Cuskley, C., Dingemanse, M., Kirby, S., & Van Leeuwen, T. M. (2019). Cross-modal associations and synesthesia: Categorical perception and structure in vowel–color mappings in a large online sample. Behavior Research Methods, 51, 1651-1675. doi:10.3758/s13428-019-01203-7.
AbstractWe report associations between vowel sounds, graphemes, and colours collected online from over 1000 Dutch speakers. We provide open materials including a Python implementation of the structure measure, and code for a single page web application to run simple cross-modal tasks. We also provide a full dataset of colour-vowel associations from 1164 participants, including over 200 synaesthetes identified using consistency measures. Our analysis reveals salient patterns in cross-modal associations, and introduces a novel measure of isomorphism in cross-modal mappings. We find that while acoustic features of vowels significantly predict certain mappings (replicating prior work), both vowel phoneme category and grapheme category are even better predictors of colour choice. Phoneme category is the best predictor of colour choice overall, pointing to the importance of phonological representations in addition to acoustic cues. Generally, high/front vowels are lighter, more green, and more yellow than low/back vowels. Synaesthetes respond more strongly on some dimensions, choosing lighter and more yellow colours for high and mid front vowels than non-synaesthetes. We also present a novel measure of cross-modal mappings adapted from ecology, which uses a simulated distribution of mappings to measure the extent to which participants' actual mappings are structured isomorphically across modalities. Synaesthetes have mappings that tend to be more structured than non-synaesthetes, and more consistent colour choices across trials correlate with higher structure scores. Nevertheless, the large majority (~70%) of participants produce structured mappings, indicating that the capacity to make isomorphically structured mappings across distinct modalities is shared to a large extent, even if the exact nature of mappings varies across individuals. Overall, this novel structure measure suggests a distribution of structured cross-modal association in the population, with synaesthetes on one extreme and participants with unstructured associations on the other.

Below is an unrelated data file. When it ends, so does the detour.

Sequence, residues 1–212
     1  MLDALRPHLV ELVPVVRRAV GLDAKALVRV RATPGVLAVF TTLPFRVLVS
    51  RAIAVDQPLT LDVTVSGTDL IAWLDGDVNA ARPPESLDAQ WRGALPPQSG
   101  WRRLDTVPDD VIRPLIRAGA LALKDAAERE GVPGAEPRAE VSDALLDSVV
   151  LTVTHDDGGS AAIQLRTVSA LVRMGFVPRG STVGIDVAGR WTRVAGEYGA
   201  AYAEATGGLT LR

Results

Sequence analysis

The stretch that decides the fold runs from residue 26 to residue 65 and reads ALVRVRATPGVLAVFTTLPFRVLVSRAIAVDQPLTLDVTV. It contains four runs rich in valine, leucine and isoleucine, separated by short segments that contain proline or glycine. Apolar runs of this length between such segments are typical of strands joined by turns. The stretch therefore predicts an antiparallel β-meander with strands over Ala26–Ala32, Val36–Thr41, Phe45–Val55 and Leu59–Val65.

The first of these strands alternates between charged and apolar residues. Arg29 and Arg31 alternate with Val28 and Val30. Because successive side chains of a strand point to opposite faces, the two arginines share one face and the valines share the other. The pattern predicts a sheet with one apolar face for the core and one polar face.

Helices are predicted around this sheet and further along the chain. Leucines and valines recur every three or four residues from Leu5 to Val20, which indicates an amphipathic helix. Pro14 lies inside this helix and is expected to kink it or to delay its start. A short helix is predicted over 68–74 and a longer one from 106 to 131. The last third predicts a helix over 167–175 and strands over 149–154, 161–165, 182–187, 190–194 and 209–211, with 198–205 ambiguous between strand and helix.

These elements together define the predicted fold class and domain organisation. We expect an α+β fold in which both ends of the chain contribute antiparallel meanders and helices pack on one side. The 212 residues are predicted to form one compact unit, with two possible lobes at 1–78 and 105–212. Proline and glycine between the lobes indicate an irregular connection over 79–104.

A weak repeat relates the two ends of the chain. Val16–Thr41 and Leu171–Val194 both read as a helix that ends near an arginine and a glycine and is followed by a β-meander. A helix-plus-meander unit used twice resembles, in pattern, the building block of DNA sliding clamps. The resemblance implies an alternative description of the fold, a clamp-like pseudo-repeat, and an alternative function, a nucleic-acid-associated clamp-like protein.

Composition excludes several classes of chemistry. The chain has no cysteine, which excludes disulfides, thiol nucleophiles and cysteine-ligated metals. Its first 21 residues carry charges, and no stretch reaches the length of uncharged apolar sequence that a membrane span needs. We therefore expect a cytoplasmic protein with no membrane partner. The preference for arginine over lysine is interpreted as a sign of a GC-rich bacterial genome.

Dingemanse, M. (2019). 'Ideophone' as a comparative concept. In K. Akita, & P. Pardeshi (
Eds.), Ideophones, Mimetics, and Expressives (pp. 13-33). Amsterdam: John Benjamins. doi:10.1075/ill.16.02din.
AbstractThis chapter makes the case for ‘ideophone’ as a comparative concept: a notion that captures a recurrent typological pattern and provides a template for understanding language-specific phenomena that prove similar. It revises an earlier definition to account for the observation that ideophones typically form an open lexical class, and uses insights from canonical typology to explore the larger typological space. According to the resulting definition, a canonical ideophone is a member of an open lexical class of marked words that depict sensory imagery. The five elements of this definition can be seen as dimensions that together generate a possibility space to characterise cross-linguistic diversity in depictive means of expression. This approach allows for the systematic comparative treatment of ideophones and ideophone-like phenomena. Some phenomena in the larger typological space are discussed to demonstrate the utility of the approach: phonaesthemes in European languages, specialised semantic classes in West-Chadic, diachronic diversions in Aslian, and depicting constructions in signed languages.